Last week I welcomed autumn - this week it feels as though it would have been more appropriate to have welcomed winter. The temperature has plummeted and we have had our first hard frost. As I mentioned last week, the greenhouse suffered in the wind and that means everything was exposed to that cold which is a pity. I had sown a few things in late autumn (notably sweet peas) with the idea that they would be that much ahead come spring. Well, we can forget that idea and now need to take some decisions regarding that greenhouse.
|Working on the principle that you would not wish to see pictures of a damaged greenhouse, I thought I'd offer you photographs of three Dartmoor Tors taken at this time of the year.|
Being honest, it is way beyond economical repair and is there any point? When we moved in I had no idea of just how that corner of the garden would be hit by the wind. I should have realised. There are two 'internal' hedges in the garden which I assumed were there for decoration or, possibly, to make parts of the garden more private. Not so. I am now convinced they are there to protect the house from those winds but, as I am sure you will have guessed, the place where the greenhouse was erected is on the wrong side of one of those hedges and the other one is not long enough to offer it much protection. We both feel that we need something more sturdy but the question is what. Cheap - well reasonably cheap - would be to take down what is left of the greenhouse and put up a polytunnel. I have been trying to find out how sturdy they are and it seems from what I have read that these are actually sturdier than greenhouses.
Well, we shall see what will happen. The polytunnel should be here next Friday and then it will have to wait until Ben (who helps us in the garden) can find time to come and put it up. I shall keep you informed.
Meanwhile in the field behind the house there is something very odd going on. Two herring gulls are behaving as if they are intending to breed. We are, of course, quite a long way from the sea but you will always see gulls in Totnes (at the head of the tidal part of the River Dart) and there is a small flock that comes up here most days. Now, there is nothing unusual in that – they forage in the fields for whatever they can find – but a flock of herring gulls is just that: a group of gulls in which there is usually a typical ‘pecking order’ but in which the individuals tend to keep themselves to themselves getting quite cross if any other bird invades their personal space.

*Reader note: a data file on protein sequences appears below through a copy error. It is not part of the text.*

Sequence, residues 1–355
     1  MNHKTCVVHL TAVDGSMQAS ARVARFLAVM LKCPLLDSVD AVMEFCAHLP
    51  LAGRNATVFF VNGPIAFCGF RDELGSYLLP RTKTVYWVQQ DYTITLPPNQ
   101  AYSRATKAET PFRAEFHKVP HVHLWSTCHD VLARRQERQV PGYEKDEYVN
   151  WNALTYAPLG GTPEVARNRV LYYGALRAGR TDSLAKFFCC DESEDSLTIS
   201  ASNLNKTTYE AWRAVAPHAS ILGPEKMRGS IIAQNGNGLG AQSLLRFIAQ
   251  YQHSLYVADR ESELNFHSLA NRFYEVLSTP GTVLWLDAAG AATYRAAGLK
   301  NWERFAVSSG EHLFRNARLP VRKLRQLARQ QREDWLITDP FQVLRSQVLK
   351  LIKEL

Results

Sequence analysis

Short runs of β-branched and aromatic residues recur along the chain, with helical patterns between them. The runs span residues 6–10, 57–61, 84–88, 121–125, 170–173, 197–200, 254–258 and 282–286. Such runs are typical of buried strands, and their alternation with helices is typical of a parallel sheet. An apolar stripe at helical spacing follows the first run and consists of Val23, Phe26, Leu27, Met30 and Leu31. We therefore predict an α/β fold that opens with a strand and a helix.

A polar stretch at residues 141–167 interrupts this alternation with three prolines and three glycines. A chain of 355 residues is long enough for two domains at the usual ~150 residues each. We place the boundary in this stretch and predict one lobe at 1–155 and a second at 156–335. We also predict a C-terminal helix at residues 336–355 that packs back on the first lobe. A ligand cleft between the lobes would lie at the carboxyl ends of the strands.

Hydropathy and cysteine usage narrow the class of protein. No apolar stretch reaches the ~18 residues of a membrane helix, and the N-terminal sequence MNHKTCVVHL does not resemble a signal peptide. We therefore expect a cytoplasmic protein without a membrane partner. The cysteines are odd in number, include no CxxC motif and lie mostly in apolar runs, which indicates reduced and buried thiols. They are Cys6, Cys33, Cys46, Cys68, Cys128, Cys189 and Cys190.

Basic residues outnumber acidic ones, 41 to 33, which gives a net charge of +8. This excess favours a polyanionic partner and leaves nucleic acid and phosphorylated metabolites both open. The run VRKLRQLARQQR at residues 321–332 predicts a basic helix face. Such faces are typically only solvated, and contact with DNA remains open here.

|One of these two gulls on the lawn a few weeks ago.|
Not so the two in the field. It seems they want nothing to do with that flock which, in any event, rarely comes into that particular field although it does visit the fields below the house. Added to that they are displaying most of the time and often touching (although I have yet to witness any mutual grooming). To make things even odder, neither appears to be at all submissive to the other – in other words a part of their usual display (where the hen bird crouches in front of the male in the hope that he will (a) not attack her and (b) will regurgitate some food for her to eat) is just not happening.
It is, I suppose, possible that they are muddled as to the time of the year or that they are two very mixed up youngsters (but in their adult plumage so not that young) engaging in a bit of experimental behavior. Perhaps it is just as well that we do not know the answers.
|This chap was in the market place and you couldn't really see him against a very muddly background so I did away with it.|